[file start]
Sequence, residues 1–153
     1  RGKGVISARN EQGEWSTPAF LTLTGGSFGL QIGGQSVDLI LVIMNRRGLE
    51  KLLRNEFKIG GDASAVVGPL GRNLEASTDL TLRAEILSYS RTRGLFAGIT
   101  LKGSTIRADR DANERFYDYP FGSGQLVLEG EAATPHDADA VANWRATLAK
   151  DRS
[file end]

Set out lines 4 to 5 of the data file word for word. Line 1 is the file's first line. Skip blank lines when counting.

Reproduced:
   101  LKGSTIRADR DANERFYDYP FGSGQLVLEG EAATPHDADA VANWRATLAK
   151  DRS